Scorching Summer heat may not leave you with an immediate craving for soup, but I'd argue that it's worth reconsidering. Puréed soups are not only a great way to highlight the bounty of the season, but they're also the ultimate Summer food: satiating but light. I like to make a big batch and reap the rewards throughout the week with an easy-to-prepare (just reheat!) lunch or dinner that's bound to satisfy.
Photo by YumSugar
We've been craving dessert. And sometimes cravings can only be quenched by things like figs soaked in whiskey.
I just realized something. Maker’s Mark spells ‘whiskey’ without the ‘E’. There it is — clear as day in the picture. How have I never noticed this before? Have they been spelling it wrong the whole time? Have I been spelling it wrong the whole time? Is someone playing a trick on me?
Photo by Fresh and Foodie
Cheese and Champagne recently reviewed this feta made from goat's milk. The cheese originates from the Singing Hill Dairy in Minnesota.
But my first find, however, did not come from Surdyk’s, but rather the cozy Kingfield Farmers Market in Minneapolis. There I came upon a feta made just 55 miles away in Nerstrand, Minn., the home of Singing Hills Dairy. A small farm and cheesemaking operation by Lynne Reeck and Kate Wall, Singing Hills produces plain and flavored chevres and fetas, as well as goat cheese curds and yogurt. Wall and Reeck’s herd of Nubian and Saanen goats is small – just 17 does and two bucks, according to Facebook – but makes mighty flavorful cheese. The snow-white feta I purchased packs a salty punch like a traditional sheep’s-milk feta but without the usual oiliness. Instead, you get a clean taste, firm bite and a briney finish.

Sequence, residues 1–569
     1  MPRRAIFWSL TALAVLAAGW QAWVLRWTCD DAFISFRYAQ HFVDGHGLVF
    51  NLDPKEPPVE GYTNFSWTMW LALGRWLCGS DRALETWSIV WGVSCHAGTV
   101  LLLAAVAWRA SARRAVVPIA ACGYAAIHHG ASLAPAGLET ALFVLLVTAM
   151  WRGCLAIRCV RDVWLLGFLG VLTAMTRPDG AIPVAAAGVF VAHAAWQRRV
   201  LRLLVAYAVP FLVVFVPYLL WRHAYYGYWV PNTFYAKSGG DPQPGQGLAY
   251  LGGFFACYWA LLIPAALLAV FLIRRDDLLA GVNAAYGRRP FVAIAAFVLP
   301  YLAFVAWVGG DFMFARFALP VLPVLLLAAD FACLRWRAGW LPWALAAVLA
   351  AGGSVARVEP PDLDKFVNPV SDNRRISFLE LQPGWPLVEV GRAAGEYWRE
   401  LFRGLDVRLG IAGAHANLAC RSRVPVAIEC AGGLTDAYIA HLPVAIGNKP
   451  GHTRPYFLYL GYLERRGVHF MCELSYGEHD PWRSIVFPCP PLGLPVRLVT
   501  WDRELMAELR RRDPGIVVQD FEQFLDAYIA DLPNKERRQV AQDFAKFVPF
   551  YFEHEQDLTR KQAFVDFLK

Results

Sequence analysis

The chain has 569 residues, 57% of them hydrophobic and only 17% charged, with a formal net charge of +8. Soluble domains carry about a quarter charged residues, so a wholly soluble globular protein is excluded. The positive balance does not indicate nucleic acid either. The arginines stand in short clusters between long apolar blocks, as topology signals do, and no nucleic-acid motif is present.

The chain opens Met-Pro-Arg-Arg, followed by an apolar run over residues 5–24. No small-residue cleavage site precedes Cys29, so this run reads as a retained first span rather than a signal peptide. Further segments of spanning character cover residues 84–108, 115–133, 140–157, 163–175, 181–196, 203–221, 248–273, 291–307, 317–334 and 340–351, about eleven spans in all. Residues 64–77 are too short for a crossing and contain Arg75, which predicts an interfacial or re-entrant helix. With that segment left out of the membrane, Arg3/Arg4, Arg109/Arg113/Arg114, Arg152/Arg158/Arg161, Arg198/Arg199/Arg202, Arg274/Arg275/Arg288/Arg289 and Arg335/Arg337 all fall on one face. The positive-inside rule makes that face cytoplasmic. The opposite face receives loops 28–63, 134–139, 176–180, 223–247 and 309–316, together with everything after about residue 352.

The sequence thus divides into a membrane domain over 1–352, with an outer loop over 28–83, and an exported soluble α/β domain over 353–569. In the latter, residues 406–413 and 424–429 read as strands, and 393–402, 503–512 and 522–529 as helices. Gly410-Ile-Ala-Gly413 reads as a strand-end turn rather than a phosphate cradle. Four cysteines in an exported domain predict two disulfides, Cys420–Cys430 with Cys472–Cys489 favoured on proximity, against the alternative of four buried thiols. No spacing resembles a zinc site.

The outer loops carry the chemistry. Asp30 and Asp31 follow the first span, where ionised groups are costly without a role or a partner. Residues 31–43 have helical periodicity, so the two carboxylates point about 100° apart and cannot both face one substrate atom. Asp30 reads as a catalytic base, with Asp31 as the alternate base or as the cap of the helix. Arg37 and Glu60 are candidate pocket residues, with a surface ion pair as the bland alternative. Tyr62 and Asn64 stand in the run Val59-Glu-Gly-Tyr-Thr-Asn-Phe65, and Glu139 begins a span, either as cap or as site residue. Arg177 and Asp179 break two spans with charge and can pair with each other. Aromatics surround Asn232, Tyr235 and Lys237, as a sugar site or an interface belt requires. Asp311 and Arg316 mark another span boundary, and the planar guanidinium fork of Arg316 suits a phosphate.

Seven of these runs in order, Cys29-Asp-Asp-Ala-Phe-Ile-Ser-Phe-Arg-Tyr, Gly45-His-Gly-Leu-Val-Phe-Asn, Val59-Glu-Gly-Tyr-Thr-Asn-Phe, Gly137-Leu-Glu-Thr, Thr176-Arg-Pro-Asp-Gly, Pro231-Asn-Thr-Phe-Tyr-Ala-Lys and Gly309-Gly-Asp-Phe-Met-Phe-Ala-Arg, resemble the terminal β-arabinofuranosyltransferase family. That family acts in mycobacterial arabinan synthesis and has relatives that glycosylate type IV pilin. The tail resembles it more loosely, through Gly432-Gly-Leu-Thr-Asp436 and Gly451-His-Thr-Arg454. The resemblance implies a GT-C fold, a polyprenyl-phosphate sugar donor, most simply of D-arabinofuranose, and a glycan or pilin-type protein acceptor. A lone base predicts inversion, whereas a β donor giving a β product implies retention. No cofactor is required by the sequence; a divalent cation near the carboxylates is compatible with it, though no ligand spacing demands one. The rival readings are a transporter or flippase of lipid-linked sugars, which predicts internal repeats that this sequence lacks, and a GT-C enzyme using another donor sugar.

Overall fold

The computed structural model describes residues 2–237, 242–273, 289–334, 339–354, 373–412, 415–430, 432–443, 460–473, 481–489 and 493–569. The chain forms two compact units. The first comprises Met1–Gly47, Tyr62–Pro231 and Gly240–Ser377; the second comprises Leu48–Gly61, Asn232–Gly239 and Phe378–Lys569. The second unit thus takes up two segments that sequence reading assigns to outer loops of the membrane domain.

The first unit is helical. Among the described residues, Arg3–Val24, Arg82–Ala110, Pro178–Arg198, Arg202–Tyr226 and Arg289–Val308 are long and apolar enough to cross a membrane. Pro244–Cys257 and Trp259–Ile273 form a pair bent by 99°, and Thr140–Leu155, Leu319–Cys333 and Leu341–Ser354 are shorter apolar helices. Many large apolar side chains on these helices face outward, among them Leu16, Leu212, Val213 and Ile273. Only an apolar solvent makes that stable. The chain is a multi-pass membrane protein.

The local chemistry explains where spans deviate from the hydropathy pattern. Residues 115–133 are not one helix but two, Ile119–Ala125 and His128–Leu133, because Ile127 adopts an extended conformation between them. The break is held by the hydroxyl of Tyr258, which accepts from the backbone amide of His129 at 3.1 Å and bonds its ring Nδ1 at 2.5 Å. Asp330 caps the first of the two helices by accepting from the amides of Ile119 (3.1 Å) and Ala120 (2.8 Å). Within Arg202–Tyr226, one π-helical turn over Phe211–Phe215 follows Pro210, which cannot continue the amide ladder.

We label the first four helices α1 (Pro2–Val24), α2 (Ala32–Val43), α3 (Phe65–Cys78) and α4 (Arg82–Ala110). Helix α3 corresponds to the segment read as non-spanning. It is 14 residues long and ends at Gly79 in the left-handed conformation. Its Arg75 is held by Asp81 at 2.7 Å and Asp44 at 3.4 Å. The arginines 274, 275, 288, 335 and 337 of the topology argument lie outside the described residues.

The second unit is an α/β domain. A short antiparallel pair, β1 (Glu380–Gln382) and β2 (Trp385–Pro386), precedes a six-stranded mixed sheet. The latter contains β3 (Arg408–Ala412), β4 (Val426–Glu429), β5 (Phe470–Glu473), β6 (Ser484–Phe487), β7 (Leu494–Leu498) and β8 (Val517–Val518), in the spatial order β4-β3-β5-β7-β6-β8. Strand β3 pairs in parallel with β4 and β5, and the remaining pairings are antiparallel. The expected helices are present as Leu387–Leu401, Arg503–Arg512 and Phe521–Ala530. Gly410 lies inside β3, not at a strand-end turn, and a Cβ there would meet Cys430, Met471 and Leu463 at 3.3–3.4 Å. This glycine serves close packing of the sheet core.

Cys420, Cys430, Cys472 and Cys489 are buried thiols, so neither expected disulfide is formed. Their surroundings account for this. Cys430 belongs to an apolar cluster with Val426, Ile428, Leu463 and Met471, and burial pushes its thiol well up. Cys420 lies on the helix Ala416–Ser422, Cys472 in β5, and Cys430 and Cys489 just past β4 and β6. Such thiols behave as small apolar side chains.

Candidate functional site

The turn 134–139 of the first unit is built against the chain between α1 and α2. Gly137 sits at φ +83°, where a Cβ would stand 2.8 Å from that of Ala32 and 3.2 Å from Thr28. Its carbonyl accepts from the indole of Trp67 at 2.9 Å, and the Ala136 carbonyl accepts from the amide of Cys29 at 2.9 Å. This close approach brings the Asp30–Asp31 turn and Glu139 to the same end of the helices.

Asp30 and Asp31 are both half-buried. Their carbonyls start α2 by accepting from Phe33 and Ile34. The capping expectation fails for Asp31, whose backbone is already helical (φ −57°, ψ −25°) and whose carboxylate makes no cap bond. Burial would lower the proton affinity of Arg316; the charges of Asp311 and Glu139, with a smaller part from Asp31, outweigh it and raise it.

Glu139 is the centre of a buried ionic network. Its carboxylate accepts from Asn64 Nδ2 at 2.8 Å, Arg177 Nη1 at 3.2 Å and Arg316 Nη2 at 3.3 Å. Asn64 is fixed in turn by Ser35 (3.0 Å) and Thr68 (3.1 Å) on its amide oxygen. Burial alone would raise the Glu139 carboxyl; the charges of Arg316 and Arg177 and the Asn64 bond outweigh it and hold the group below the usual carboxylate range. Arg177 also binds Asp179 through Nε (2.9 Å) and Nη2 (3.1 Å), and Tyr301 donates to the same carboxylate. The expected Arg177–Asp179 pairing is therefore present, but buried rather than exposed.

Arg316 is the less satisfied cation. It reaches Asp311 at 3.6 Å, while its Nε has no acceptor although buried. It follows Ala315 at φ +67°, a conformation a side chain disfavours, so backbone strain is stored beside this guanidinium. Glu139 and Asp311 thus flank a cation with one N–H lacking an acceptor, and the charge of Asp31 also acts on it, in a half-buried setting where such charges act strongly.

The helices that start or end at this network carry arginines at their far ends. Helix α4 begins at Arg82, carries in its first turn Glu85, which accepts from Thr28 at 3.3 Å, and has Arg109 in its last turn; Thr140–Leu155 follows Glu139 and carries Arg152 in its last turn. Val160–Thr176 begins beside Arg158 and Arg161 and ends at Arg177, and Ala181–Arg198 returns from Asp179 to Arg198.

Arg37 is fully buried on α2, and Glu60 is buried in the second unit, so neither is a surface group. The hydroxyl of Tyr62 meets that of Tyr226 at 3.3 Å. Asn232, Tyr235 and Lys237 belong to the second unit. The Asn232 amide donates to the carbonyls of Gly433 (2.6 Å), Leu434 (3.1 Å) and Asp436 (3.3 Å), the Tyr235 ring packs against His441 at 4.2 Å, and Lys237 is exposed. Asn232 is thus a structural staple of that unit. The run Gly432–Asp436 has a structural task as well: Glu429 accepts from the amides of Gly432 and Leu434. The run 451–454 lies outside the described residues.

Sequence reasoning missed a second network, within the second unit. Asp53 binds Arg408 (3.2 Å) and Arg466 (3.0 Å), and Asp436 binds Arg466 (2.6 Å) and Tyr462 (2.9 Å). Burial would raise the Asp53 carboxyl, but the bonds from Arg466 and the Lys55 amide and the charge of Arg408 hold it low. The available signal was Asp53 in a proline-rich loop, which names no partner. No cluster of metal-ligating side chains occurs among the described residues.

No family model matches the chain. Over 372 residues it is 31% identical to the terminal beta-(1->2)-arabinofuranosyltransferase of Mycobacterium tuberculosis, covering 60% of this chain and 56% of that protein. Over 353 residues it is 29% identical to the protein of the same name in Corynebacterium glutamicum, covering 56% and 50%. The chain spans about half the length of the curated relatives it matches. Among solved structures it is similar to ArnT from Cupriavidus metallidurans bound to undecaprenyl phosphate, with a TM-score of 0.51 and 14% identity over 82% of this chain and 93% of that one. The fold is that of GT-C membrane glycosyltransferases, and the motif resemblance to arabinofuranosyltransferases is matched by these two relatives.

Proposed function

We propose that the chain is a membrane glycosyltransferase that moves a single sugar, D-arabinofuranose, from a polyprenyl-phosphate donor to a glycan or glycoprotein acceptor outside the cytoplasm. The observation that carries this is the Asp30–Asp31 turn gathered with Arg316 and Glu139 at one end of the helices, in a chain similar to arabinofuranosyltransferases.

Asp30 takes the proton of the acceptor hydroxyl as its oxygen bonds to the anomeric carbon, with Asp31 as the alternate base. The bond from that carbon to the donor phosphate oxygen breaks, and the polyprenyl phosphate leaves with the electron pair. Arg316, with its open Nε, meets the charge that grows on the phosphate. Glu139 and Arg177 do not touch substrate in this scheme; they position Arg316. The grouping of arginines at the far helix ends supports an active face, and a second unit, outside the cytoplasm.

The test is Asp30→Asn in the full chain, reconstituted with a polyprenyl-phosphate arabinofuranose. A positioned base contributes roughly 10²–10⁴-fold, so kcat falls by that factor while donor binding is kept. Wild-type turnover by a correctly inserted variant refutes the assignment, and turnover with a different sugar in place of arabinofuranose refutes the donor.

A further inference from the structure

Ari Weinzweig of Zingerman's in Ann Arbor Michigan remembers his good friend, and revered member of the cheese world, Daphne Zepos, who passed away Tuesday June 3rd at her home in San Francisco after battling cancer for several months:
Daphne Zepos, 1960 - 2012
Great news for people who eat a lot of cheese— getting calcium from your food sources (instead of a supplement) isn't just the yummier option, it's the healthier one. While calcium has always been revered for preventing osteoporosis, taking too much through supplement pills is thought to increase health risks like heart failure. So what does this mean for us? Pat yourself on the back for each calcium-filled bite of cheese you take!
While many people aren't getting enough calcium, new research cautions that some people may have the opposite problem: They could be getting too much.
Americans spend more than $1 billion a year on calcium supplements in hopes of staving off osteoporosis, the brittle bone disease that cripples many elderly women and some men.
What better way to say "Happy July 4th" than with macaroni and cheese? This clever recipe takes our favorite comfort food and makes it an Independence Day must-have.
So many Fourth of July themed dishes are of the dessert variety, and as much as I love desserts it seems only fair to share a savory option as well. This red, white and bleu mac and cheese is such a cute idea that I couldn’t resist trying it even though bleu cheese is one of the few varieties that I just don’t enjoy. Even though I was a bit unsure, I knew Ben (a bleu cheese lover) would be all for this. I was pleasantly surprised to find that I really did enjoy this.